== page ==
“I alone cannot change the world, but I can cast a stone across the water to create many ripples.” —Mother Teresa
Sometimes it can be very frustrating when we have all these great ideas and it seems like no one is paying attention. We want to have this giant impact on our organization; we want to hit that homerun, but it’s important to remember how many games are won with base hits.
Joe was a marketing major in college who couldn’t find a job in his field when he graduated college. After 9 months or so, he decided to go back to school to become a biomed tech. He landed a job at in independent service organization and thus began his career in biomed. He really loved the work and the company.
The company underwent a rebranding process and they put together a presentation for the staff in small groups to educate the employees on the new brand and how they could help be brand ambassadors. Over the short time Joe had worked there, he had noticed, with his trained marketing eye that the PM stickers the company was using were very hard to read and that the logo they had on them did not really convey the name of the company. He had mentioned this to his supervisors and really anyone who would listen but no one seemed to react to it. He was convinced that if they redesigned the logo, it would really have a substantially positive marketing effect.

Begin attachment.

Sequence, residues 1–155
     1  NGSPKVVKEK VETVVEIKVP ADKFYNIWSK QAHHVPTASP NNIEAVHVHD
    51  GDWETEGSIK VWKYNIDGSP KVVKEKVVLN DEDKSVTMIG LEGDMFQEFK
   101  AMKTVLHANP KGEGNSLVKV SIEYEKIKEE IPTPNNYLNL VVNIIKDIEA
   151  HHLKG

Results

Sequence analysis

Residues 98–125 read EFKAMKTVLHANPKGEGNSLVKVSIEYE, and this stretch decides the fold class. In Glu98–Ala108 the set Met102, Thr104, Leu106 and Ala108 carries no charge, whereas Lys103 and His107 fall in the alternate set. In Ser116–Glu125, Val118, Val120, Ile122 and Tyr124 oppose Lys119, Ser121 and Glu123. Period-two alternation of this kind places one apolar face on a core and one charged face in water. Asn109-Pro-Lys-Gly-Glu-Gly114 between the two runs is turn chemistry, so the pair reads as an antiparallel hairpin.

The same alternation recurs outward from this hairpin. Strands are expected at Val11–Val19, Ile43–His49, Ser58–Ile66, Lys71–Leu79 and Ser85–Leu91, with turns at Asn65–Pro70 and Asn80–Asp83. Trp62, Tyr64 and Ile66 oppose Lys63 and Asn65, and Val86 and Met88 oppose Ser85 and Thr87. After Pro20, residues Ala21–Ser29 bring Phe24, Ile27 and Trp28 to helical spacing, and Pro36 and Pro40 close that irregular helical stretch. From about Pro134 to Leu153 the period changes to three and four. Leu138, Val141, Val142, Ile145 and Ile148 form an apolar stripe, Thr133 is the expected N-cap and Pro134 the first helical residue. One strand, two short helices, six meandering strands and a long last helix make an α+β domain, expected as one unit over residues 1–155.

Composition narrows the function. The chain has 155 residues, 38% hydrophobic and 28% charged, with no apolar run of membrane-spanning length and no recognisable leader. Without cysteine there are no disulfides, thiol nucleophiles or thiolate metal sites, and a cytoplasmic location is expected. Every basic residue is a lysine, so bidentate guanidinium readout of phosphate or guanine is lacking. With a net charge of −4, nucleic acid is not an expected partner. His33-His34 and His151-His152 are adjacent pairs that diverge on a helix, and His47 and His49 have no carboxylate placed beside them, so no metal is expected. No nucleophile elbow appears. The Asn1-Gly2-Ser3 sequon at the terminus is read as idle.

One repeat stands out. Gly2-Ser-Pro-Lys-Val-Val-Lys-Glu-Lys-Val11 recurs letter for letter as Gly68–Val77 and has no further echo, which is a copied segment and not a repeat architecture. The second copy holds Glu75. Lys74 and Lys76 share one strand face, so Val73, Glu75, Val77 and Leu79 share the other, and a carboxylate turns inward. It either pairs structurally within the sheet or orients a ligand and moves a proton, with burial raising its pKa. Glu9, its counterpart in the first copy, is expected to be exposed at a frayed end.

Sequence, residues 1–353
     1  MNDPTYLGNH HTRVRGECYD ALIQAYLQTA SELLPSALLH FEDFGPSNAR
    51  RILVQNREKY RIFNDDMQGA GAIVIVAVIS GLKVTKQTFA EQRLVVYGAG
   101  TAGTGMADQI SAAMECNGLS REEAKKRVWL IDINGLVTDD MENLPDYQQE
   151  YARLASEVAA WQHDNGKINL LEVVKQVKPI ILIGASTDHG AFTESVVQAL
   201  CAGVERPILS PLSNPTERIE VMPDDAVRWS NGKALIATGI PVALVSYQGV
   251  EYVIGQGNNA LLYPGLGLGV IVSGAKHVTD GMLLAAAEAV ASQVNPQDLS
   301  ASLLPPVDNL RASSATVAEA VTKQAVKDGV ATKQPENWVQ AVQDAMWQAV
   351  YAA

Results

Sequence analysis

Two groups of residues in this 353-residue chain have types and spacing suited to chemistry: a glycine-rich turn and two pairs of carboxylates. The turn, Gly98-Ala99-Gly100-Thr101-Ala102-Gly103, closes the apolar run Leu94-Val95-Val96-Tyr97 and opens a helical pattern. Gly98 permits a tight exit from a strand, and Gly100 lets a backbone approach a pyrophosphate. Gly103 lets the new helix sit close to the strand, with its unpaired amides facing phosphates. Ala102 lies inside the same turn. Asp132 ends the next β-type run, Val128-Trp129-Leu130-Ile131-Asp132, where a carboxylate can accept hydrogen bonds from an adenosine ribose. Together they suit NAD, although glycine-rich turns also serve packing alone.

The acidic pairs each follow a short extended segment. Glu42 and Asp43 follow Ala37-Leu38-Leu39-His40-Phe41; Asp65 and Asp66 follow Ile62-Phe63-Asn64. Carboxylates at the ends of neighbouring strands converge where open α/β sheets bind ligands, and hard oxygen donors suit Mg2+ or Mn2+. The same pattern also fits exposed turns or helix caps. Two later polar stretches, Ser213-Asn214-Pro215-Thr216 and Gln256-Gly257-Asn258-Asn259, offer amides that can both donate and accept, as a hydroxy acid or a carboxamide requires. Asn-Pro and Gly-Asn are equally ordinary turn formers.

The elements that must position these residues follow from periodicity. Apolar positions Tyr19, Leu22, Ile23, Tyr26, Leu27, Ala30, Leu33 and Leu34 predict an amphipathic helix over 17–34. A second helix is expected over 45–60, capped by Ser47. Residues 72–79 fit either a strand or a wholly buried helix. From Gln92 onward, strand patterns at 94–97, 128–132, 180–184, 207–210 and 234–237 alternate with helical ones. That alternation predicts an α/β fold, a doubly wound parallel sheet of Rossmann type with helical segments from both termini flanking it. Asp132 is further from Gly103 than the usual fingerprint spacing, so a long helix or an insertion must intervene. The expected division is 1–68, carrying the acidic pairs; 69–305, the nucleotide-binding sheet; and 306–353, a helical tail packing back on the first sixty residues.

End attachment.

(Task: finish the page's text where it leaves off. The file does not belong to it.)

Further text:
At the branding meeting, Joe thought it would be a great time to bring this up again, since he had an audience he did not usually have access to. Joe suggested redesigning the logo to include something that would be more identifiable to the users of the equipment. Similarly, the people running the meeting thought he had some good ideas, but didn’t seem willing to adopt them.
Joe became frustrated and eventually left the company because he thought they were the kind of company that just wouldn’t listen to good ideas. What he didn’t realize was that the changes he was proposed were huge. The company just spent a large sum of money with an outside firm to rebrand themselves. The new logo was just adopted and to change it again would be too costly.
Instead of becoming frustrated and disengaging, if Joe could have used his marketing experience to work with what they already had and proposed a small change instead, it may have been the catalyst to a similar result and the improved visibility he envision for the company. Change is difficult. It takes time, and when you refuse to be flexible and convey the message that your way is the only way, the more people will resist or resent it.
Rome wasn’t built in a day. When the big ideas don’t sell, break it down and start hitting the base hits. They can have a tremendous impact on the game!
Thoughts…….. Contact me at abbe@TECResourceCenter.com
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